Gumboot dancing, or Isicathulo, was born in the gold mines of
South Africa at the height of the migrant labour system and
during the oppressive Apartheid Pass Laws.
The mine workers were not free to move around at will and were
separated from their families for long periods of time. At best,
working in the mines was a long, hard, repetitive toil. At
worst, the men would be taken chained into the mines and
shackled at their work stations in almost total darkness.
The floors of the mines were often flooded, with poor or
non-existent drainage. For the miners, hours of standing up to
their knees in infected waters brought on skin ulcers, foot
problems and consequent lost work time. The bosses discovered
that providing gumboots (Wellington boots) to the workers was
cheaper than attempting to drain the mines. This created the
miners uniform, consisting of heavy black Wellington boots,
jeans, bare chest and bandannas to absorb eye-stinging sweat.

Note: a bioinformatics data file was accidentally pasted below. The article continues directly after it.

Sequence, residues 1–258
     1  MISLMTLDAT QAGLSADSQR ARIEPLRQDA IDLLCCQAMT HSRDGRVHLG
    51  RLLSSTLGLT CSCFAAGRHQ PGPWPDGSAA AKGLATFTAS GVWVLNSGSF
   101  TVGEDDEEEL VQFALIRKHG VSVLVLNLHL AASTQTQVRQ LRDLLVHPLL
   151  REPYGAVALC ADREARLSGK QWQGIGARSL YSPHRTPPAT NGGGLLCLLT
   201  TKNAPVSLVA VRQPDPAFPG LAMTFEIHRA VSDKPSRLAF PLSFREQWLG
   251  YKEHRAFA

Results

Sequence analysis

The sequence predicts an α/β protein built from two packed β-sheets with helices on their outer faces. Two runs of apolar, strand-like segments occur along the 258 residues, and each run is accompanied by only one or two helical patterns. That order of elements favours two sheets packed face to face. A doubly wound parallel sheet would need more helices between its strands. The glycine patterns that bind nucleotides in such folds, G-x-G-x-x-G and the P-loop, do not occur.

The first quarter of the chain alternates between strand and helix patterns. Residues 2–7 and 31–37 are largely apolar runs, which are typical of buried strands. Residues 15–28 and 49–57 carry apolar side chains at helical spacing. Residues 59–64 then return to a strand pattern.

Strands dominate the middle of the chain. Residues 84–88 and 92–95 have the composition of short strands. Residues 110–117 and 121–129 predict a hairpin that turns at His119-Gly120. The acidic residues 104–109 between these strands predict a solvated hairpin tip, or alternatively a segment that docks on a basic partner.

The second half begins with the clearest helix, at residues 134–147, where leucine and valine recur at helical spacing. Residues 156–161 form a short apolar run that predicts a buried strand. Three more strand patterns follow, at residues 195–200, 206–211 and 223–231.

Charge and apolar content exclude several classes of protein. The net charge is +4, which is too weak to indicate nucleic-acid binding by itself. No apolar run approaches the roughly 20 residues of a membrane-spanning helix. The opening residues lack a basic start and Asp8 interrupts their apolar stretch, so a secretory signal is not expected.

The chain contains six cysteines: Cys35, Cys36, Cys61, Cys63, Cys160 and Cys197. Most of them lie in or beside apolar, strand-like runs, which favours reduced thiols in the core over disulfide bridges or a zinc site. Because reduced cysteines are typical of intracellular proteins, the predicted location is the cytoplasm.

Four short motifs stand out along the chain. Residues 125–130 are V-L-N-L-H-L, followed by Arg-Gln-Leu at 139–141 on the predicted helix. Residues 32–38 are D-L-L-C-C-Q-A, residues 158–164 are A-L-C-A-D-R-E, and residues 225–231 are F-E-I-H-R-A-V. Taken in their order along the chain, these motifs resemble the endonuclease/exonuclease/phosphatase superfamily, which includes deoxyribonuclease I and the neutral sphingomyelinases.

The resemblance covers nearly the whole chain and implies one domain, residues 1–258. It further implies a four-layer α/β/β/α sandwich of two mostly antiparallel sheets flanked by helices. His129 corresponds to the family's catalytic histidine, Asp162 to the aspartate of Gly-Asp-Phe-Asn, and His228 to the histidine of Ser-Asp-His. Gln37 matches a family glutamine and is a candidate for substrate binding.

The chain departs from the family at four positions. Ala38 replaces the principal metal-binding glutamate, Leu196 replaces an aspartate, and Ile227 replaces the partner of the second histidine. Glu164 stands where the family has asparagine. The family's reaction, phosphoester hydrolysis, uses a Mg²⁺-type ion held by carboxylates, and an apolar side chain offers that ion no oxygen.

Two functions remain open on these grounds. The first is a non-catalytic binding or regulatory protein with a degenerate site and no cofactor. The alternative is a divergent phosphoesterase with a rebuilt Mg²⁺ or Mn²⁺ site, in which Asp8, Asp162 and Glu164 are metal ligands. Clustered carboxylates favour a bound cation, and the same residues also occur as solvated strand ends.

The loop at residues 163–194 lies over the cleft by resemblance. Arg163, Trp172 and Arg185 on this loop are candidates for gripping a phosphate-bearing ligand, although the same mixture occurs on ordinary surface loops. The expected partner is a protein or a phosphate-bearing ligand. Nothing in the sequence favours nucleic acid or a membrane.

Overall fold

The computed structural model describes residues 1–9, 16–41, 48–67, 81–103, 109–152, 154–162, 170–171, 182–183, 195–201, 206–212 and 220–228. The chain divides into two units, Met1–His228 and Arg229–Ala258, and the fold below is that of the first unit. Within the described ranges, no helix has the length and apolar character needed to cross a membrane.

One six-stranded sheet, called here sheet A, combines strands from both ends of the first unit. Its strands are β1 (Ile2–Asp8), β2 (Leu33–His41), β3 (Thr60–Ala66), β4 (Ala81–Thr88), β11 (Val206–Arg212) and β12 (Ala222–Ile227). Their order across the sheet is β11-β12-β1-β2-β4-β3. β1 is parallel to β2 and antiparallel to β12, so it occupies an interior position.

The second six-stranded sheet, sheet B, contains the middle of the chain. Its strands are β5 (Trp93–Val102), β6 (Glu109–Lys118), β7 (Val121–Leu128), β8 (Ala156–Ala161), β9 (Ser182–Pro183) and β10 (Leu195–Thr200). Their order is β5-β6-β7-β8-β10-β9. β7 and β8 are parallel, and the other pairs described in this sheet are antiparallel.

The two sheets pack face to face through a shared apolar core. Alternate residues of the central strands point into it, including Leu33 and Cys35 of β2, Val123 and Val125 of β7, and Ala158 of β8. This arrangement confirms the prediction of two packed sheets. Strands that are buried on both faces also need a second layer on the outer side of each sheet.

The workers were forbidden to speak, and as a result created a
means of communication, essentially their own unique form of
Morse Code. By slapping their gumboots and rattling their ankle
chains, the enslaved workers sent messages to each other in the
darkness. From this came an entertainment, as the miners evolved
their percussive sounds and movements into a unique dance form
and used it to entertain each other during their free time.
Gumboot dancing has developed into a working class, South
African art form with a universal appeal. The dancers expand
upon traditional steps, with the addition of contemporary
movement, music and song. Extremely physical, the dancing serves
as a cathartic release, celebrating the body as an instrument,
and the richness and complexities of South African culture.
Under the direction of Kevin Fell, a South African Native and
Arts-in-Education Specialist, the boys of St. Andrew's on the
2008 SASSAW Project Team have developed their own 15-minute
presentation incorporating their interpretations of the language
of Isicathulo, or Gumboot Dance.